Tuesday, January 25, 2011

Moving Forward

The reform of the reform. Fr. Mark sums it up beautifully, saying:
Bishop Athanasius Schneider's address, given in extenso below, identifies three liturgical practices, which, although widespread and, until recently, accepted unquestioningly, cry out for correction and reform in the Ordinary Form (or Novus Ordo) of the Mass.
One can cite . . . the loss of the sacred and sublime character of the liturgy and the introduction of more anthropocentric gestural elements. This phenomenon makes itself evident in three liturgical practices well known and widespread in nearly all the parishes of the Catholic world:
(1) the nearly total disappearance of the use of the Latin language;
(2) the reception of the Eucharistic Body of Christ directly on the hand and standing;
(3) the celebration of the Eucharistic Sacrifice in the modality of a closed circle in which priest and people continually look each other in the face. This manner of praying, that is: not all facing in the same direction, which is a more natural bodily and symbolic expression with respect to the truth of everyone being spiritually turned toward God in public worship, contradicts the practice that Jesus Himself and His Apostles observed in public prayer at the temple or in the synagogue. Moreover, it contradicts the unanimous testimony of the Fathers and all the prior tradition of the Eastern and Western Church.
These three pastoral and liturgical practices, in noisy rupture with the laws of prayer maintained by generations of faithful Catholics for nearly a millennium, find no support in the conciliar texts, but rather contradict either a specific text of the Council (on the Latin language, see Sacrosanctum Concilium, n. 36, § 1; 54), or the "mens", the true intention of the conciliar Fathers, as can be verified in the Acts of the Council.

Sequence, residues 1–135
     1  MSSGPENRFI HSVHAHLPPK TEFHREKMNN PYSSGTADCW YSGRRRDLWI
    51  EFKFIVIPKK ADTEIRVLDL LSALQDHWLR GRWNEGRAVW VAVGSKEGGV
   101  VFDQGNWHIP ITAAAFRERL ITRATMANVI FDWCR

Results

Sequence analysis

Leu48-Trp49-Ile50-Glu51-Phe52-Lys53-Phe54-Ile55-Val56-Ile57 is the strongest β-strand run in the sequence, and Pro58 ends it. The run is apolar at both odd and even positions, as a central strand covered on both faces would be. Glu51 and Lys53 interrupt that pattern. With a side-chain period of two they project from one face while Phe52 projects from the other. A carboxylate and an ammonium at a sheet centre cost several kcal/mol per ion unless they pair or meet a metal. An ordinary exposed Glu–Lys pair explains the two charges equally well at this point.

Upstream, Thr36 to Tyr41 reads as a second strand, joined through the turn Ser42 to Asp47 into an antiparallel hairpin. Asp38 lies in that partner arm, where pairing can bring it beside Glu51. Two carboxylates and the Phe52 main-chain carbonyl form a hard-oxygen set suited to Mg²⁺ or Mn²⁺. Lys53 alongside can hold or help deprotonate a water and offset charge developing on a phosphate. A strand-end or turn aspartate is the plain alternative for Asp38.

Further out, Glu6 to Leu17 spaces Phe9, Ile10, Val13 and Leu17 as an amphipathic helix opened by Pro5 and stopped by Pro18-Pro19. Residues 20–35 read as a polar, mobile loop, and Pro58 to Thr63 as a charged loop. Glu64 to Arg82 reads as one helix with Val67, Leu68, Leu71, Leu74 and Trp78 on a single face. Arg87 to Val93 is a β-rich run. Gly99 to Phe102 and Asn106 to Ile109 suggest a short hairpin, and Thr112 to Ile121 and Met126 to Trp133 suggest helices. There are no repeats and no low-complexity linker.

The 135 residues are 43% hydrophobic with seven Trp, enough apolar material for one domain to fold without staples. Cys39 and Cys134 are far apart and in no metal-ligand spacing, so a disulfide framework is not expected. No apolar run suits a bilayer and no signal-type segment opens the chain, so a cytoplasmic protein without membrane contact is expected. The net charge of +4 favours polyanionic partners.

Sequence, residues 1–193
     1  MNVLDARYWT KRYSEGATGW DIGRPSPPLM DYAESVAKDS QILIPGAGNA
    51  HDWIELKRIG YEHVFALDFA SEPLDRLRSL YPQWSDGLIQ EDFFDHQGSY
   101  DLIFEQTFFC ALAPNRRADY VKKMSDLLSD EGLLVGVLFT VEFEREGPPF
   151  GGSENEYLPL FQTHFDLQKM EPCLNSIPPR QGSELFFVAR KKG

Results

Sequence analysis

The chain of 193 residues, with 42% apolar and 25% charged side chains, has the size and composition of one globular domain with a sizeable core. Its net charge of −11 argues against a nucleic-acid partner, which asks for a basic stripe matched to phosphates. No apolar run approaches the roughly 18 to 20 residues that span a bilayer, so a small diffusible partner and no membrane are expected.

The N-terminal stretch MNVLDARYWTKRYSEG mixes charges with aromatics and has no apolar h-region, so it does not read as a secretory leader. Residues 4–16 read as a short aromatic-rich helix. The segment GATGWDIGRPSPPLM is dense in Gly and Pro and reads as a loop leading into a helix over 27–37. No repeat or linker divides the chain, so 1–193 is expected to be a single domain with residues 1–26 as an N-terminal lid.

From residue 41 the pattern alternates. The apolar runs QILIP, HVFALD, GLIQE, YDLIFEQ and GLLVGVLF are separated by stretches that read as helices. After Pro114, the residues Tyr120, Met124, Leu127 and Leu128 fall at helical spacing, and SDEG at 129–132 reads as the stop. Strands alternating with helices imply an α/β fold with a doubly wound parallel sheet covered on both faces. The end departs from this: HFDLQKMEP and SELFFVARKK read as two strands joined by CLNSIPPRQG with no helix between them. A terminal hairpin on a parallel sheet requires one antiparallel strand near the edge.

Where Do We Go From Here?
Bishop Schneider's observations should stimulate reflection, liturgical catechesis, and reform on the part of the pastors of souls. The object of these three steps would be:

1. The restoration of the use of the Latin language (and of Gregorian Chant) in some parts of the Mass, beginning with the Ordinary.

2. The restoration of the reception of Holy Communion on the tongue with communicants kneeling. This will, in time, necessarily lead to the restoration of the so-called "Communion Rail" and the use of the paten held under the chin of the communicant by an acolyte.

3. The restoration of the practice of priest and people together facing in the same direction for the Eucharistic Sacrifice, that is, from the Offertory until the Communion.

And Also . . .

To these three steps, I would add four related initiatives for the reform of the Ordinary Form of the Mass:
1. In every parish: the reservation of service in the sanctuary and at the altar to boys and men, so as to bear witness to the priestly potentialities inherent in all manhood, be it by means of ordination to Holy Orders, or by means of the role of the husband and father in the domestic church (ecclesiola) of the family.

2. In every parish: the development of a parallel field of service, under the patronage of the Blessed Virgin Mary, reserved to girls and women including the worthy adornment of the Domus Dei, the parish church, and the care of the appointments required for the Sacred Liturgy; and the visitation and relief of the elderly, of the sick, of widows, and of families in distress.

3. While waiting for the desired restoration of the subdiaconate in the Ordinary Form of the Roman Rite, the restriction of the use of Extraordinary Ministers of Holy Communion to those exceptional and rare instances specifically allowed by liturgical law, giving preference to men instituted as acolytes, and to senior (male) servers at the altar distinguished by piety and by knowledge of the sacred rites, always suitably vested in cassock and surplice, or amice, alb, and cincture.

4. Given that Holy Communion under both species is often advanced as an argument for the necessity of Extraordinary Ministers of Holy Communion, and given the relative frequency of accidents that occur during the distribution of the Most Precious Blood, Holy Communion ought to be given, as clearly recommended by the Holy See in Sacramentali Communione (1970), by intinction of the Sacred Host by the priest in the Chalice of the Precious Blood, or under the species of bread only.

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